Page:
I am handwriting, so I do need to type my Nano up, but my computer desk at home is covered in millions of books. My desk chair actually does have about 50 books stacked on it. No joke! I got curious and counted them. I tried moving them to my bed once, but then I tried to sleep in a bed covered in books, as I was too tired to move them back to my desk. It was not a success. My desk is only for my computer, so I can’t write in my notebook there, and writing in bed just hurts me. My housemate has his fiancé visiting from the Philippines, and they have taken over occupation of the house for the last three months – meaning I can’t write in the dining room. They are going on holiday next week, so I am planning on taking over the house again. My other housemate spends all her time at her boyfriend’s house, so I should have free reign! *mine. mine, all mine!* *cackles* Hopefully next week I can dedicate a decent amount of time when I am hope to write this bitch down! I did find the official write-ins very helpful! I went to one on a Wednesday at the coffee club near Town Hall. I doubled my word count that day. I also went to the tail end of a day-long write-in at Circular Quay, which was helpful. I made a character breakthrough, which was great. I wanted to go to more, but last Wednesday was the Galaxy end of year party, which I couldn’t miss, and l was sick on Sunday and Wednesday this week. Maybe this coming Sunday I will be well enough to go! I think the best thing about NaNoWriMo is the sense of community! I have met so many new people this month. And discovered that more friends than I thought were aspiring writers. I wish them all luck with their endeavours! 😀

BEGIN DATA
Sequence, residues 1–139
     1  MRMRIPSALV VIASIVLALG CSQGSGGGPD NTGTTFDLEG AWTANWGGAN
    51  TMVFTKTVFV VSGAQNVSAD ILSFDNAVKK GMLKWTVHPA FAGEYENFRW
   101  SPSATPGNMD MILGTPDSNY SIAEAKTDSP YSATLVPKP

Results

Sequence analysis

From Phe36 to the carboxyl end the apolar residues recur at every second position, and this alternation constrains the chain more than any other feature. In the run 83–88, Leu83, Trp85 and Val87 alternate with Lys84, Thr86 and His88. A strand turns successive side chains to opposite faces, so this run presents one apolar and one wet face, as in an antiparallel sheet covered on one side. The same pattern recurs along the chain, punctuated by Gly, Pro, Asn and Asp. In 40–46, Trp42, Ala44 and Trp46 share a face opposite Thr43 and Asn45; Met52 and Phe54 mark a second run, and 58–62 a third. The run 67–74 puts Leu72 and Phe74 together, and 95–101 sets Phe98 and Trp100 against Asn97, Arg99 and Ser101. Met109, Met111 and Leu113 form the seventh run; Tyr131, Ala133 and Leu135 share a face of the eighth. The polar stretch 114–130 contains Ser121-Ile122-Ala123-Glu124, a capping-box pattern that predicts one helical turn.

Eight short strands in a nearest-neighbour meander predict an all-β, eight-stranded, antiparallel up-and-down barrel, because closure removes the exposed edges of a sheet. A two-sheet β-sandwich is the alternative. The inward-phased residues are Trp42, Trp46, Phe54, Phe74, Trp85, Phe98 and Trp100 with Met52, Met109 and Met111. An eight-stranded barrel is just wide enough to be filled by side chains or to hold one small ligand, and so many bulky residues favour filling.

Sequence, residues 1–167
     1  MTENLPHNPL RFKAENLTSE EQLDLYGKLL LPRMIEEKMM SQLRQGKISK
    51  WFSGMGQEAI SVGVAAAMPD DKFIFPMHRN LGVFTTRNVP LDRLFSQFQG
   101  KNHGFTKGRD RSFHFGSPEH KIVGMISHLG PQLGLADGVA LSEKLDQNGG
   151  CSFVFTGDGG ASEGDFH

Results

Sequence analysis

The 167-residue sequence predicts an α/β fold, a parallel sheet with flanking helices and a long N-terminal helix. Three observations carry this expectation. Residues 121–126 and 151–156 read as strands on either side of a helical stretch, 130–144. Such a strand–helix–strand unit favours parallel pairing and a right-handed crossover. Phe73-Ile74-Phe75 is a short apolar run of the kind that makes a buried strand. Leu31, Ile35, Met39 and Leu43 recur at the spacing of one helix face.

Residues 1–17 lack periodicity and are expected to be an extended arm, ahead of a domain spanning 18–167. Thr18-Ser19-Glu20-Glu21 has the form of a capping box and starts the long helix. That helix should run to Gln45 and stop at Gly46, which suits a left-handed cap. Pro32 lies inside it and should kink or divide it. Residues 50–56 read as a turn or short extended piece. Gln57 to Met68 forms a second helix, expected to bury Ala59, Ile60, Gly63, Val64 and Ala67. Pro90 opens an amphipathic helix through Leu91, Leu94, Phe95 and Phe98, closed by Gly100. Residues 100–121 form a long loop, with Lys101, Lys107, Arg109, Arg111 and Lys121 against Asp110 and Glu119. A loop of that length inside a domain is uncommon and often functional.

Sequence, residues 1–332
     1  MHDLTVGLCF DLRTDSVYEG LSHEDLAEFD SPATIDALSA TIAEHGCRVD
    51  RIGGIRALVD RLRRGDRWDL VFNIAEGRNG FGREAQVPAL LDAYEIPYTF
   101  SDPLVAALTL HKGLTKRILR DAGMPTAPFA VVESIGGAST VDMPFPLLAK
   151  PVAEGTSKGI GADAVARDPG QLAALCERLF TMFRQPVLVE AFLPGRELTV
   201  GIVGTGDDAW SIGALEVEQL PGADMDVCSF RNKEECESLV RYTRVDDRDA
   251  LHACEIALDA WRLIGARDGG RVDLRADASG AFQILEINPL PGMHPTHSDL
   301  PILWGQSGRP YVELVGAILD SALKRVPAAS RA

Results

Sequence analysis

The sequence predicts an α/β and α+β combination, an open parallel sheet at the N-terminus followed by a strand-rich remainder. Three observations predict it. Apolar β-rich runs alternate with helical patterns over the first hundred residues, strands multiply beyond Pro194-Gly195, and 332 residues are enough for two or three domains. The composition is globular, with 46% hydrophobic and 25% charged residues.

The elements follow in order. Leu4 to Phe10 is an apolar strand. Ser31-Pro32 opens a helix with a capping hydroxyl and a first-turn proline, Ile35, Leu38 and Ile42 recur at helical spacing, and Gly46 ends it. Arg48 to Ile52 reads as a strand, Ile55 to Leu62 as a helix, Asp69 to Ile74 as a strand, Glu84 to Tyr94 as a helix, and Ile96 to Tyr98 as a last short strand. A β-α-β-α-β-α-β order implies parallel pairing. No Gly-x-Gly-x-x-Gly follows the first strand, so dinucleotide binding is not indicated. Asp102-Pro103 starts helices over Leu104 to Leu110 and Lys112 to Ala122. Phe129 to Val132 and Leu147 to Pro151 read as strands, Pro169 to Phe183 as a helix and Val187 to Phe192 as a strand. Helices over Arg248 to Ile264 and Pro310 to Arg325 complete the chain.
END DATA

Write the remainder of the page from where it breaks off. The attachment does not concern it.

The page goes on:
To sum up:

I never went into NaNoWriMo thinking I would write the “Great Australian Novel”, and I was never very focused on that goal of 50,000 words in 30 days. I do not feel disappointed that I won’t make that goal. I suppose it is still possible if I could commit to writing abut 4000 words per day, but I am not going to kill myself trying to reach that goal. As far as I am concerned, I have already been successful with my NaNoWriMo goals. I have sat down and started a novel. I have gained the self control not to edit the shit out of what I AM writing! And I have started a story that I want to finish and that continues to percolate in my brain. When November 30 rolls around, I will have a big fat NC next to my name, but I really don’t care. As far as I am concerned it is a RW! (Results Withheld, as opposed to Not Completed). If you are doing NaNoWriMo this year, I wish you all the best! But even more so, I wish you all the best finishing your novel, not just writing 50,000 words!

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3 responses to “NaNoWriMo: Why I consider less than 50,000 words a success

  1. Pingback: Tweets that mention NaNoWriMo: Why I consider less than 50,000 success | Tangled Words -- Topsy.com

  2. Wasn’t your goal to get past a 3,000 word mark? I thought you said something like that in the beginning and I didn’t get a chance to say to you at book club (can’t socialise at book club) that you should be proud of yourself for going over that. It’s bloody hard to get past your stopping point sometimes and I’m glad you’re proud of yourself for what you have accomplished rather than seeing it as a failure just because you’re not at the same word count as a lot of other people. The main thing is to be happy with what you have set out to achieve and to do it for yourself, not for what it says on a website.

    Sorry you’re feeling crook this week, hope you feel better!

  3. Pingback: Planning Ahead vs. Letting It Flow: NaNoWriMo Edition « Copywrite1985